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Mind Over (Music) Matter: Joe Kuhlmann on Celebrating Mindfulness and Tackling the Mental Health Crisis

Steve Moore 2.jpg
Steve Moore
Joe Kuhlmann stands outside of his Charlotte music venue The Evening Muse.

Ask anyone in the Charlotte music scene, and they'll tell you: The Evening Muse is one of the best local music venues in the Queen City. Thanks to the work of venue co-founder Joe Kuhlmann, The Evening Muse has helped foster the careers of thousands of local and national artists for nearly two decades. But Kuhlmann wants to do more than provide a stage; he wants to create a healthy music climate, one where the power of music can help foster conversations around personal well-being.

"There’s a value to challenging yourself through your music. And that value should be you being able to live a more vivid, more honest, and more compassionate life."
– Joe Kuhlmann, co-founder of The Evening Muse

Interview Highlights:

On opening The Evening Muse:

In April of 2001, there was kind of a need for a place where songwriters and musicians could connect. A place that could really champion written word and song. My then-girlfriend (Lee Pritchard) and I started the place with a dear friend of ours, Wes Robinson. There was just a need. There wasn’t a spot for that size (100 people or so) that wasn’t a restaurant. There were hybrid venues, but there wasn’t any place that was truly dedicated to giving artists that spot to connect. There wasn’t enough space to help establish songwriters. There wasn’t a place for acoustic music beyond being in the corner somewhere or background music. So I felt it was really important to offer them that kind of safe space, a place where people could connect, and a place where the audience could relax and enjoy themselves and truly put the focus on music.

On establishing a foundation of respect at The Evening Muse:

I knew the key was to be a fair place, [where] good production and lighting was important, but you were also treated fairly and treated with kindness. Throughout the Southeast, there just wasn’t enough of that going on. If I can take care of the artists, then the artists generally take care of the audience.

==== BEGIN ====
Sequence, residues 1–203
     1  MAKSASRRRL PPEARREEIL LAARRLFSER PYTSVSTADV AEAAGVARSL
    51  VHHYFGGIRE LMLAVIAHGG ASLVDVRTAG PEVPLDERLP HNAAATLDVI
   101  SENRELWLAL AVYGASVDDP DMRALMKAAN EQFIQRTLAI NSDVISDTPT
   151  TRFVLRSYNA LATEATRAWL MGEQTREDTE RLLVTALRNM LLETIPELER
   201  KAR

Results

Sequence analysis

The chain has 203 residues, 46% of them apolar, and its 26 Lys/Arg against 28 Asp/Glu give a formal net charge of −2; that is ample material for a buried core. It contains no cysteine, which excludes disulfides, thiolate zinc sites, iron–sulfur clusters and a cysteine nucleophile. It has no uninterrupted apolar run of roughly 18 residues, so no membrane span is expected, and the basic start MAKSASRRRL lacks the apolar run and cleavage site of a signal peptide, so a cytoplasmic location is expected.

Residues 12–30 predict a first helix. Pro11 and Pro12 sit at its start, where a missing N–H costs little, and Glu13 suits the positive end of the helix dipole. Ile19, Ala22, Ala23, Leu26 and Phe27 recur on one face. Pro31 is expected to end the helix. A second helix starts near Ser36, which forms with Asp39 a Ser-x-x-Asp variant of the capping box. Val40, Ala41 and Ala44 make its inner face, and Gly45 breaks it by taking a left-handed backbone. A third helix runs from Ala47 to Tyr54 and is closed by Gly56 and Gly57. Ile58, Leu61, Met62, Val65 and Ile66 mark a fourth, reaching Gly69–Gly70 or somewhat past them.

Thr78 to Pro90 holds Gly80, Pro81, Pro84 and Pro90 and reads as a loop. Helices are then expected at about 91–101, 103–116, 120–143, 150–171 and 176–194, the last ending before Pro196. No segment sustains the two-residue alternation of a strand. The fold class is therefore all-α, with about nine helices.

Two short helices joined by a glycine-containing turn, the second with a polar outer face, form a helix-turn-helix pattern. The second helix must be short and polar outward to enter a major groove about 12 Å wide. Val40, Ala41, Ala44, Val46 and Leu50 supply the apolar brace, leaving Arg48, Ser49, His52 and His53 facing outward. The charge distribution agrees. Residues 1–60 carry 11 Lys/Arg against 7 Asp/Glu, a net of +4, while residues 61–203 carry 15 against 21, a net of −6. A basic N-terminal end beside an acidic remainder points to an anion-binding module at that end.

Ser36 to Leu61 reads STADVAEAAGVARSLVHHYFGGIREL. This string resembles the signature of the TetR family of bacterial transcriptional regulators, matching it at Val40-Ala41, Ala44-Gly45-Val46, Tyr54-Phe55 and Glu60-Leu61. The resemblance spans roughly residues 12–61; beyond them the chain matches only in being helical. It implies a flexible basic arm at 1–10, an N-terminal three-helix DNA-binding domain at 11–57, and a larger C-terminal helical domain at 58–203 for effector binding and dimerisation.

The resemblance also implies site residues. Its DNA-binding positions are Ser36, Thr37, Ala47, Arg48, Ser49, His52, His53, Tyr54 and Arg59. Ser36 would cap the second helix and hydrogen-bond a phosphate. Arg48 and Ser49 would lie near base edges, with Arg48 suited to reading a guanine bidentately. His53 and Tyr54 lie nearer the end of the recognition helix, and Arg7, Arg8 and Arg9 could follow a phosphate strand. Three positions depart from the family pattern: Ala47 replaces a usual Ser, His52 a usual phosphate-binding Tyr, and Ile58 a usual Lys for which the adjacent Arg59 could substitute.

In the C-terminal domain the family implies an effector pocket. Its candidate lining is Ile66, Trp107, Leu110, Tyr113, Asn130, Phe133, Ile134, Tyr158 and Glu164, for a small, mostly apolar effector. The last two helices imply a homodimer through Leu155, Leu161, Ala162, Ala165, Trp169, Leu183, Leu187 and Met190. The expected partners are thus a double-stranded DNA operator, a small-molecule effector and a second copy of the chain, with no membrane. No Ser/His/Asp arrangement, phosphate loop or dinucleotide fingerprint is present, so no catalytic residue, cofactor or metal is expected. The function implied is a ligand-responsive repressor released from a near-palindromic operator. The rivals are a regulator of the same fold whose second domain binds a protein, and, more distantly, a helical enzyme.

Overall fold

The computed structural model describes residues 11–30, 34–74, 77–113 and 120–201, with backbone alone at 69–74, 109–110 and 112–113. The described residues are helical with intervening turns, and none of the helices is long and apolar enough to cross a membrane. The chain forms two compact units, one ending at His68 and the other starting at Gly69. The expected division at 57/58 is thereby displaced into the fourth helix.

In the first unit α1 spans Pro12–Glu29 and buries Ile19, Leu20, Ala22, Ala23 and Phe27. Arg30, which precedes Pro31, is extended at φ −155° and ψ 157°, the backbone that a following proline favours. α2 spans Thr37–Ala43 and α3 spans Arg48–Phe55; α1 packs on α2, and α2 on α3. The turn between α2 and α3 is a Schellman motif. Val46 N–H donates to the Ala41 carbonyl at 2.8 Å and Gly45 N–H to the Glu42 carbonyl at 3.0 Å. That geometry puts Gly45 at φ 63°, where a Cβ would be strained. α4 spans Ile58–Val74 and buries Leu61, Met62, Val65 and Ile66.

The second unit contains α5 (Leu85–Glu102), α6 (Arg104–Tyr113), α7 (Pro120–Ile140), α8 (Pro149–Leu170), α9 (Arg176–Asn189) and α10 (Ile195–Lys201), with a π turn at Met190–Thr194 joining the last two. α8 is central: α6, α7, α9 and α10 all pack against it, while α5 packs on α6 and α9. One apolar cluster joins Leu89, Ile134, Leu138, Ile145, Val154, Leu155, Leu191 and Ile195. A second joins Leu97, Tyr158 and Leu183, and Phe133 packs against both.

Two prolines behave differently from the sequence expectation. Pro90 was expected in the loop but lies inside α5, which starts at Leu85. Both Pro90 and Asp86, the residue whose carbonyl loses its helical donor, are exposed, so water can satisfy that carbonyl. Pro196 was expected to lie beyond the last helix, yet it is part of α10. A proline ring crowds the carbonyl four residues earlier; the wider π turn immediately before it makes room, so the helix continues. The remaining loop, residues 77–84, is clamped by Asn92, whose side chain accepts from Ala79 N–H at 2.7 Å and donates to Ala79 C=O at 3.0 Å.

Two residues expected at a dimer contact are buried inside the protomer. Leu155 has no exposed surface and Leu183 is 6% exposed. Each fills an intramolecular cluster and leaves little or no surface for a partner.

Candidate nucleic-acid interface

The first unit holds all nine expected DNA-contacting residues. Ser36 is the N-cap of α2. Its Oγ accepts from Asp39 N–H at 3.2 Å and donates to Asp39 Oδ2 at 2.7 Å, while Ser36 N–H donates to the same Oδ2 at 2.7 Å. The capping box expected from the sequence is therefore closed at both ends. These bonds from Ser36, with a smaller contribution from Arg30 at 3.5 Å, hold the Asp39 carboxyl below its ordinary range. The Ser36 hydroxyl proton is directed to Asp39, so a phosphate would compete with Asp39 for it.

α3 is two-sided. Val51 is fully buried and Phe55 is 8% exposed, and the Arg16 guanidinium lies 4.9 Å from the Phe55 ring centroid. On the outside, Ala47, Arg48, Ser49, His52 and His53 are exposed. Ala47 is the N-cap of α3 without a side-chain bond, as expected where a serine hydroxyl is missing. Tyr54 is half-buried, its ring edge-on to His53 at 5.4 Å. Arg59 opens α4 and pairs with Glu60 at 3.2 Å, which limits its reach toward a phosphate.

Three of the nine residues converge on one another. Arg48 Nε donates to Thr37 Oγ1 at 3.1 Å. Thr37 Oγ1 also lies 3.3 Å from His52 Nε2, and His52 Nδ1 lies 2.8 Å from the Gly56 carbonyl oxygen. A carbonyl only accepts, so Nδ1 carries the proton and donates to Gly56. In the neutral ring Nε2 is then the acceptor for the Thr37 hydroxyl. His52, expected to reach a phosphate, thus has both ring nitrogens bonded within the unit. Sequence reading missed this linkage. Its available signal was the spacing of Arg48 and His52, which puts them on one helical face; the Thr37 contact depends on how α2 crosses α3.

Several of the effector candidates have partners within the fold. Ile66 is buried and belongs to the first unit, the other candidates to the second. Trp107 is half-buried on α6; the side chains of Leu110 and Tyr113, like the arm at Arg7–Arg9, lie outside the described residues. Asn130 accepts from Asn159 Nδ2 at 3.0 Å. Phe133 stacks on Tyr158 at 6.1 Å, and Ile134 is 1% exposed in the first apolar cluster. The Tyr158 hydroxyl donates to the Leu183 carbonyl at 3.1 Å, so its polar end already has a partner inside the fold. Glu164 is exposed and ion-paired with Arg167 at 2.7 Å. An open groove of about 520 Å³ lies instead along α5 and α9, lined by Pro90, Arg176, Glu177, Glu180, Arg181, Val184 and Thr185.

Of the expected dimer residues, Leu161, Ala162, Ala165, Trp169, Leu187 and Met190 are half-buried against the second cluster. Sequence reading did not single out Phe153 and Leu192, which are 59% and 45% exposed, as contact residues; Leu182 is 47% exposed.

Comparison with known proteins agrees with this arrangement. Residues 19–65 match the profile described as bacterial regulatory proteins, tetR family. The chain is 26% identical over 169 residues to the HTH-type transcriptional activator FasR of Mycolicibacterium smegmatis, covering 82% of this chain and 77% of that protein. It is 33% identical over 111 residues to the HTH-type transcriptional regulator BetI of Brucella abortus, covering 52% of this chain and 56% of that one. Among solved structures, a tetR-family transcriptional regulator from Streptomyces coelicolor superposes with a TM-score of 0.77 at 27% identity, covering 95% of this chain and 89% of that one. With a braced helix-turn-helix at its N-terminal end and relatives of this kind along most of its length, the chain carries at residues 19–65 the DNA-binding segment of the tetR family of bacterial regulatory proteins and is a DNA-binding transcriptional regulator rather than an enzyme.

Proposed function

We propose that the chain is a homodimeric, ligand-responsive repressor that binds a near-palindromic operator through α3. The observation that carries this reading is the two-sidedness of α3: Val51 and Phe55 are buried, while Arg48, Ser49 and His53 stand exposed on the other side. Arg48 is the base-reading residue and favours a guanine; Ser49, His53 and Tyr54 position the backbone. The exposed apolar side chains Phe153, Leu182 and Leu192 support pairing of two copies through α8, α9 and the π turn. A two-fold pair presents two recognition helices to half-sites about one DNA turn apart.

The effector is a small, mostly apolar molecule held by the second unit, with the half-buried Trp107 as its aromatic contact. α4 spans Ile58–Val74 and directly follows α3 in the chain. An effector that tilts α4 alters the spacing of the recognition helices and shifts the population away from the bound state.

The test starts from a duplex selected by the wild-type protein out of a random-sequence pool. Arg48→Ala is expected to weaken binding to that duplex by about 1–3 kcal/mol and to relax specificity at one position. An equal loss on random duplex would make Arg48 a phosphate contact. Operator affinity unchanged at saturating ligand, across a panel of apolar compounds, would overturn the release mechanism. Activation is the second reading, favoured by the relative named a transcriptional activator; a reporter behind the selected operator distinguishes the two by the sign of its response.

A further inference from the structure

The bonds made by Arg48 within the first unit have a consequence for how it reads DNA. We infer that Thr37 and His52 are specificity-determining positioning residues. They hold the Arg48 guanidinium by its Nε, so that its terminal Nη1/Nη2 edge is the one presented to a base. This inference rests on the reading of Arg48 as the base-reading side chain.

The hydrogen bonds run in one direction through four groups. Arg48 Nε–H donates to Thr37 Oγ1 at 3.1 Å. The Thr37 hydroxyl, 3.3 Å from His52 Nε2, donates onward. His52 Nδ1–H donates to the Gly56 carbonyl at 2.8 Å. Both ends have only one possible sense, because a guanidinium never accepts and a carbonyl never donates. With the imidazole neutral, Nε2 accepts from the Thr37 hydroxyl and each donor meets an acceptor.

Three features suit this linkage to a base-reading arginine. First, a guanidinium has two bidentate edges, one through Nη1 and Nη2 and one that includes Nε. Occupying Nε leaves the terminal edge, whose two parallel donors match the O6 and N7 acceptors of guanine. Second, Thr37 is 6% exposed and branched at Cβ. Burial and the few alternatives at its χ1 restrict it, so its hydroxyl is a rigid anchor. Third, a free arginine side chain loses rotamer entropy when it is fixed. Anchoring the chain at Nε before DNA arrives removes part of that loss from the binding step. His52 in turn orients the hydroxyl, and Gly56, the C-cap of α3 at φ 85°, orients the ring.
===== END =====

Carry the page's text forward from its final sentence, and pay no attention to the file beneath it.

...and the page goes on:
On The Evening Muse’s highlights:

I think the thing that really drives me and makes me feel happy at the Muse is when I see progress within the artists, within the bands, within the acts themselves. Taking themselves seriously, being kind to themselves by looking forward and always writing and always working on improving their musicality — that’s what gives me the most joy.

Don’t get me wrong … sell out shows are great. But they have their own heartaches and difficulties too. But seeing people progress, seeing people move on to stadiums and arenas, or seeing nationally-touring artists swing by to get a picture in front of the Evening Muse … it’s been really cool.

On artists wanting to perform at The Evening Muse:

I always say the best way to start out is obviously to come out to the Monday Night Open Mic. It’s an award-winning open mic. It’s recognized nationally. It’s pretty rare on a Monday night that you’re going to perform in front of 75-80 people on a regular basis. It’s a lot of people for a Monday, a lot of people for an open mic. So that’s really a foray for local and regional acts making their way in.

On The Evening Muse’s “R U OK CLT?” event series:

My dear friend and co-founder Kelli Raulerson and I… this all started out of our conversations and wanting to pursue some loftier goals and recognizing that mental health is the next horizon. Over the last fifteen or twenty years, Americans have gotten more consumed with our physical health and are working out and taking ourselves better. And in the last five or six years, nutrition has really picked up steam. So looking at the horizon, mental health is the next thing.

We wanted to make it where our typical conversations [about mental health] could be more widely accepted and give people the strength and honesty of talking about what’s really hitting home for them and not being afraid. We’ve noticed so much in the rise of suicide across the city and Mecklenburg County and the country, and I always felt like people understanding more of the artist’s perspective could actually help them realize that they’re not alone. Many artists (comedians, poets, songwriters, painters, dancers) have the fortunate ability to have an output that is essentially self-therapizing. Their art-form allows them to challenge and work through some of those things. Creating this [event] has been a true awakening and just interesting.

It’s also my attempt at understanding my verb as a muse… trying to give more not just to the music community, but also those that are interested in trying to tackle some of their needs, deficiencies, wants, and desires, and giving them a place to start that conversation.

Music featured in this #WFAEAmplifier chat:

The Eyebrows - “Not the Same”
Brit Drozda - “Ribbon”

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Joni Deutsch is happy to call Charlotte home as WFAE's manager for on-demand content and audience engagement, where she's led the first Charlotte Podcast Festival (named one of the “best podcast conferences” by Buzzsprout) and helped produce such podcasts as FAQ City, SouthBound, Inside Politics, Work It and the Apple Podcast chart-topping series She Says. In addition to being an NPR Music contributor, Joni is also the creator and host of WFAE’s Charlotte music podcast Amplifier, named “Best Podcast” by Charlotte Magazine and honored for excellence in arts and music podcasting by the local Edward R. Murrow Awards and The Webby Awards (called “The Internet’s Highest Honor” by The New York Times).